A rapid T2Bacteria result could have allowed for more informed treatment decisions, including the initiation of earlier effective therapy over 30 hours sooner.

Suspected urinary tract infection

91-year-old female presented to the emergency department with several day history of fever, chills, and nausea/vomiting.

Had the T2Bacteria® test been performed and result been reported immediately after collection, the patient could have potentially avoided premature discharge and readmission.

Discussion

Upon presentation to the emergency department, the patient was initially given ceftriaxone for the treatment of suspected urinary tract infection. At the time of admission, she had blood and urine cultures obtained, and T2Bacteria ordered. Patient selection for T2Bacteria testing was based on procalcitonin in at the time of presentation.

The patient was discharged prior to blood culture resulting in positive for growth (T2Bacteria results were not reported as this case was part of an observational study). Had the T2Bacteria test been performed and result been reported immediately after collection, the patient could have potentially avoided premature discharge and readmission.

Presentation

A 91-year-old female presented to the emergency department with several day history of fever, chills, and nausea/vomiting. The patient was admitted with orders for blood cultures, T2Bacteria, urine cultures, and antibiotics.

Patient Selection Criteria

Procalcitonin 1.5 ng/ml in a patient suspected of bloodstream infection.

Evaluation and Treatment Decision

Diagnosis:  Suspected urinary tract infection

Empiric Therapy: Ceftriaxone x 1 dose

Ceftriaxone was chosen for coverage of common causative gram-negative pathogens identified in UTIs.

T2Bacteria Result: Positive for E. coli and negative for S. aureus, E. faecium, P. aeruginosa, and K. pneumoniae.

Blood Culture Result: E. coli on Day 2

Urine Culture Result: E. coli on Day 2

The patient was discharged in the morning of Day 2 prior to the availability of culture results. The patient returned to the ED on the next day with ongoing fever/chills and was readmitted.

Decision making based on T2Bacteria Result

A rapid T2Bacteria result could have allowed for more informed treatment decisions, including the continuation of antibiotic therapy and avoidance of readmission less than 24 hours after her initial premature discharge.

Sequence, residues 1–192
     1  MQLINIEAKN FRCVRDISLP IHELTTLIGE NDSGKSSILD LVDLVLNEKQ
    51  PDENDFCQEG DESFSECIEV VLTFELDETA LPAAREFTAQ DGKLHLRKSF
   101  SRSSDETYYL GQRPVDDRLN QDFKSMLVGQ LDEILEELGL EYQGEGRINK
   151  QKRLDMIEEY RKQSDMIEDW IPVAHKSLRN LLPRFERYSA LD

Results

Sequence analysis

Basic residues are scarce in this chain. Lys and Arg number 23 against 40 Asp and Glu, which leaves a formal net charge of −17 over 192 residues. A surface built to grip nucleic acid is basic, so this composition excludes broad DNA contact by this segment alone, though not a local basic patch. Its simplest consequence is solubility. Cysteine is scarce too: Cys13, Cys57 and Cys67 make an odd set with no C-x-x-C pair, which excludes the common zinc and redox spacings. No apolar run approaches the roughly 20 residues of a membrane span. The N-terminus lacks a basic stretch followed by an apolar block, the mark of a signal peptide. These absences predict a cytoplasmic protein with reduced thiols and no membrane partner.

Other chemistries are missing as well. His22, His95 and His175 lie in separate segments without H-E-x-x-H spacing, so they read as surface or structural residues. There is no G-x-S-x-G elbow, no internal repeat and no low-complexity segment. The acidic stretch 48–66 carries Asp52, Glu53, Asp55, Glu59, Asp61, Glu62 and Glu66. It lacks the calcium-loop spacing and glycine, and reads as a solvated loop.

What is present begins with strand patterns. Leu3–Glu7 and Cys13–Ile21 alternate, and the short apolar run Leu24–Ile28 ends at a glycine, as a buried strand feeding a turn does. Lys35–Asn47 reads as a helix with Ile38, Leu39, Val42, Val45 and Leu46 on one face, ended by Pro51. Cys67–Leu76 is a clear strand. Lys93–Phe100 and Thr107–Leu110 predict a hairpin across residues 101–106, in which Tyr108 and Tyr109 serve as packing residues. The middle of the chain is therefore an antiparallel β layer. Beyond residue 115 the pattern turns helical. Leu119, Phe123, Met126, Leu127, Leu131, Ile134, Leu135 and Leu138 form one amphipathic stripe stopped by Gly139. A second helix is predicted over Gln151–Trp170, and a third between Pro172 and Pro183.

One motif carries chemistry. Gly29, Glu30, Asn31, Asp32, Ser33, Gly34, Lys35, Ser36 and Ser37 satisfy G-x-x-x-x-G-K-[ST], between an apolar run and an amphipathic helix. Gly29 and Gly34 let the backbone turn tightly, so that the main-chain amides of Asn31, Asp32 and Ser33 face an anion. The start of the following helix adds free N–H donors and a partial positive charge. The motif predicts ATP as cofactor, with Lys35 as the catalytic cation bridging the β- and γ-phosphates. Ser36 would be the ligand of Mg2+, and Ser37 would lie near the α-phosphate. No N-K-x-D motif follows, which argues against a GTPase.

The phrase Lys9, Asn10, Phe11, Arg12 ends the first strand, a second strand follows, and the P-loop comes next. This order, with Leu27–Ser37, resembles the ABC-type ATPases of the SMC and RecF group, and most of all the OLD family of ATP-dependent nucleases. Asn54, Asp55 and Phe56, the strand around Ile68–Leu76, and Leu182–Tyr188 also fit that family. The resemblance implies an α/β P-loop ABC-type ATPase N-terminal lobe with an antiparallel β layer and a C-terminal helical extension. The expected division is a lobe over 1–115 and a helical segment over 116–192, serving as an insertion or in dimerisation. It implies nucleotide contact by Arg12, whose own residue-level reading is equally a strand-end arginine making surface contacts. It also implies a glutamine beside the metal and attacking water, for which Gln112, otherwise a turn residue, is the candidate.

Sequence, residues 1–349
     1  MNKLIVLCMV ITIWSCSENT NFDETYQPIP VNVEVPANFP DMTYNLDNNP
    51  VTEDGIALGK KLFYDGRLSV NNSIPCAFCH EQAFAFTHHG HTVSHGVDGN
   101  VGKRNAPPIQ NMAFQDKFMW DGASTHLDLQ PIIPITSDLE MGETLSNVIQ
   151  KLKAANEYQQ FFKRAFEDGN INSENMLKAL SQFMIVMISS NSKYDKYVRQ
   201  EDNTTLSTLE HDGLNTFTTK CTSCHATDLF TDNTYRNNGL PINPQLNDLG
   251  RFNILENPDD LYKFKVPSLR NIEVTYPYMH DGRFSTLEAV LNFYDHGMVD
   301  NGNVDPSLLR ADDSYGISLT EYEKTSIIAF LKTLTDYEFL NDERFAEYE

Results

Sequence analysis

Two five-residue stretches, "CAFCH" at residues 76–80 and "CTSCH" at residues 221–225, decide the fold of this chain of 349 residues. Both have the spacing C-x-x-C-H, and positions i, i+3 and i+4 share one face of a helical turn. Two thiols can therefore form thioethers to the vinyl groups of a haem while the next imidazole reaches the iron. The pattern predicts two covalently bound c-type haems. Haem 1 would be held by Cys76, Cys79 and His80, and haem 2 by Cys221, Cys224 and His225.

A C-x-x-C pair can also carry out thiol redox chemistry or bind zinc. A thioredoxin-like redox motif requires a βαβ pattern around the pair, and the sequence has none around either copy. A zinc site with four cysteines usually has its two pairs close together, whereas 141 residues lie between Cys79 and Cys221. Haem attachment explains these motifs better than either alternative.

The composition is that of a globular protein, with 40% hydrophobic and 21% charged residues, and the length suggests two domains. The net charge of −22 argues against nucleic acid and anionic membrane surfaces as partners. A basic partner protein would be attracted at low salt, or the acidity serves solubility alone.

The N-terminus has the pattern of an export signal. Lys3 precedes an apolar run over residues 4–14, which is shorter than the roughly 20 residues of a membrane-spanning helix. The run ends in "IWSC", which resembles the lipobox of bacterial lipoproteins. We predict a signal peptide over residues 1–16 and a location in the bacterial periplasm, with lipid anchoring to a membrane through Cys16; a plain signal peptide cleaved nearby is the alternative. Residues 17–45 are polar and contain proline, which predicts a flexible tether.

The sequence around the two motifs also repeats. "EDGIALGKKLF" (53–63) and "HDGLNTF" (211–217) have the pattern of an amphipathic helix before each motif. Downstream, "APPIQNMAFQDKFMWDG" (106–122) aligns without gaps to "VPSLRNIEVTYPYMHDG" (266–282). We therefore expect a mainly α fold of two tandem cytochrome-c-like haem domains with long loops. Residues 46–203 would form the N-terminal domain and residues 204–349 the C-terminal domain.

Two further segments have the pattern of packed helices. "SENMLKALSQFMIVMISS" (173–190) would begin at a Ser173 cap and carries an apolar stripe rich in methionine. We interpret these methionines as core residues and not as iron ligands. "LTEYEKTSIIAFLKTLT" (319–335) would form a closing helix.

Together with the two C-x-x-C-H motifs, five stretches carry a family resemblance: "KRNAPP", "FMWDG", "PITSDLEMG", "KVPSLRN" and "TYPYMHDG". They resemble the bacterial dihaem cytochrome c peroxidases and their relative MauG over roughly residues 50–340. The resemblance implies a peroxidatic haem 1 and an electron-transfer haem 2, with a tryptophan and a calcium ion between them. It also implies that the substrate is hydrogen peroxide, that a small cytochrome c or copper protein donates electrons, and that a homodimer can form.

Deep-seated invasive candidiasis in a liver recipient

Patient with insulin-dependent diabetes mellitus, primary sclerosing cholangitis, multiple bacteremic episodes and recent liver transplant was admitted.

In this case, T2Candida® results could have permitted earlier focused therapy and aided with the diagnosis of invasive Candida infection and lead to appropriate antifungal therapy. Unfortunately, the T2Direct Diagnostics results were not in clinical use at the time and not obtained until after patient death.

Discussion

T2Candida retrospectively revealed C. albicans/C. tropicalis, even at the beginning of the process when the patient was asymptomatic. This case highlights the potential advantage of T2Direct Diagnostics aiding in the diagnosis of deep-seated infection in an immunosuppressed patient without confirmed infection, even before the onset of symptoms.

The two key findings were that arteritis and thrombosis of the hepatic graft resulted from an undocumented fungal infection in the explanted liver and that T2Candida was a suitable diagnostic tool for the diagnosis of deep-seated invasive candidiasis in the absence of positive blood culture results.

Presentation

A 57-year-old woman with insulin-dependent diabetes mellitus, primary sclerosing cholangitis, multiple bacteremic episodes, and recent liver transplant was admitted for sudden abdominal pain. After identification of intrahepatic abscesses the patient underwent a second liver transplant. Subsequently, non-purulent inflammatory tissue was observed in the liver with extensive clotting of the portal vein and hepatic artery and generalized hepatic ischemia. In the following hours, the patient developed graft failure, severe coagulopathy, and died.  

Evaluation and Treatment Decision

All of the cultures collected before death, including blood (obtained at admission and repeated 3 times during hospitalization), ascitic fluid at admission, and liver and abdominal tissues during the re-transplantation procedure, were sterile.

Final Diagnosis: Liver abscess

Empiric Therapy (May 31, 2017): Vancomycin, meropenem, caspofungin

T2Candida Panel Result: Retrospective T2MR performed on blood samples obtained on May 27th, May 31st, June 9th, June 16th, and June 26th showed C. albicans/C. tropicalis present in all samples.

Histology Result: Histopathology of explanted liver tissue revealed multiple ischemic areas with abundant filamentous fungal structures in their interior, and C. albicans was identified using multiplex PCR.

Decision making based on T2Candida Result

T2Candida result from May 27th (and subsequent results) could have permitted earlier focused therapy and aided with the diagnosis of invasive Candida infection. Unfortunately, the T2Direct Diagnostics results were not in use clinically and not obtained until after death.

Suspected aspiration pneumonia vs HCAP

Patient presents to the Emergency Department from nursing home with fever, dyspnea, and altered mental status.

Discussion